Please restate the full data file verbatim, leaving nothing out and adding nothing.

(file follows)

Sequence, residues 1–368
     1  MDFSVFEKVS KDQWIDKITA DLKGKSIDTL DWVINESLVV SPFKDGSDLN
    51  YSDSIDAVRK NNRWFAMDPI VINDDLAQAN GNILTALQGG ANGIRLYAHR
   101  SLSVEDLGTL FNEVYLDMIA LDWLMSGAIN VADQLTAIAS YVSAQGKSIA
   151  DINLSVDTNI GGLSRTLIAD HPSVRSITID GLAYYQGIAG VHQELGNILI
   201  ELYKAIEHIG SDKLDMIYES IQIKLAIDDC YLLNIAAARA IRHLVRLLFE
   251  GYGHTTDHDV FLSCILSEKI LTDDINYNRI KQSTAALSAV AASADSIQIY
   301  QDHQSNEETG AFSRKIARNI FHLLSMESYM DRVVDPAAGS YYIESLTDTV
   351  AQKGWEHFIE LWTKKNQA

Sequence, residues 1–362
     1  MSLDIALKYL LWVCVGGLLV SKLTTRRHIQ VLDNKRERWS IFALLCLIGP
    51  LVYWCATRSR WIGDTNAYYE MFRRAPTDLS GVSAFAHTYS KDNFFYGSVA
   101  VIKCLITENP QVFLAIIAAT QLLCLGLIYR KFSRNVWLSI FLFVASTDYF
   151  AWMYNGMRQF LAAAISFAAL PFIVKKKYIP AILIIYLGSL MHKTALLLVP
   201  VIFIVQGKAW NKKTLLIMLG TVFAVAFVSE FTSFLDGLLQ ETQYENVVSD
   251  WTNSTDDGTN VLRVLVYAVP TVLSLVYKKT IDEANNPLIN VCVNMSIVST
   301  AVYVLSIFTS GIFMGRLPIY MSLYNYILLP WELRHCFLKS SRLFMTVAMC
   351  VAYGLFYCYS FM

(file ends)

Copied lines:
Sequence, residues 1–368
     1  MDFSVFEKVS KDQWIDKITA DLKGKSIDTL DWVINESLVV SPFKDGSDLN
    51  YSDSIDAVRK NNRWFAMDPI VINDDLAQAN GNILTALQGG ANGIRLYAHR
   101  SLSVEDLGTL FNEVYLDMIA LDWLMSGAIN VADQLTAIAS YVSAQGKSIA
   151  DINLSVDTNI GGLSRTLIAD HPSVRSITID GLAYYQGIAG VHQELGNILI
   201  ELYKAIEHIG SDKLDMIYES IQIKLAIDDC YLLNIAAARA IRHLVRLLFE
   251  GYGHTTDHDV FLSCILSEKI LTDDINYNRI KQSTAALSAV AASADSIQIY
   301  QDHQSNEETG AFSRKIARNI FHLLSMESYM DRVVDPAAGS YYIESLTDTV
   351  AQKGWEHFIE LWTKKNQA

Sequence, residues 1–362
     1  MSLDIALKYL LWVCVGGLLV SKLTTRRHIQ VLDNKRERWS IFALLCLIGP
    51  LVYWCATRSR WIGDTNAYYE MFRRAPTDLS GVSAFAHTYS KDNFFYGSVA
   101  VIKCLITENP QVFLAIIAAT QLLCLGLIYR KFSRNVWLSI FLFVASTDYF
   151  AWMYNGMRQF LAAAISFAAL PFIVKKKYIP AILIIYLGSL MHKTALLLVP
   201  VIFIVQGKAW NKKTLLIMLG TVFAVAFVSE FTSFLDGLLQ ETQYENVVSD
   251  WTNSTDDGTN VLRVLVYAVP TVLSLVYKKT IDEANNPLIN VCVNMSIVST
   301  AVYVLSIFTS GIFMGRLPIY MSLYNYILLP WELRHCFLKS SRLFMTVAMC
   351  VAYGLFYCYS FM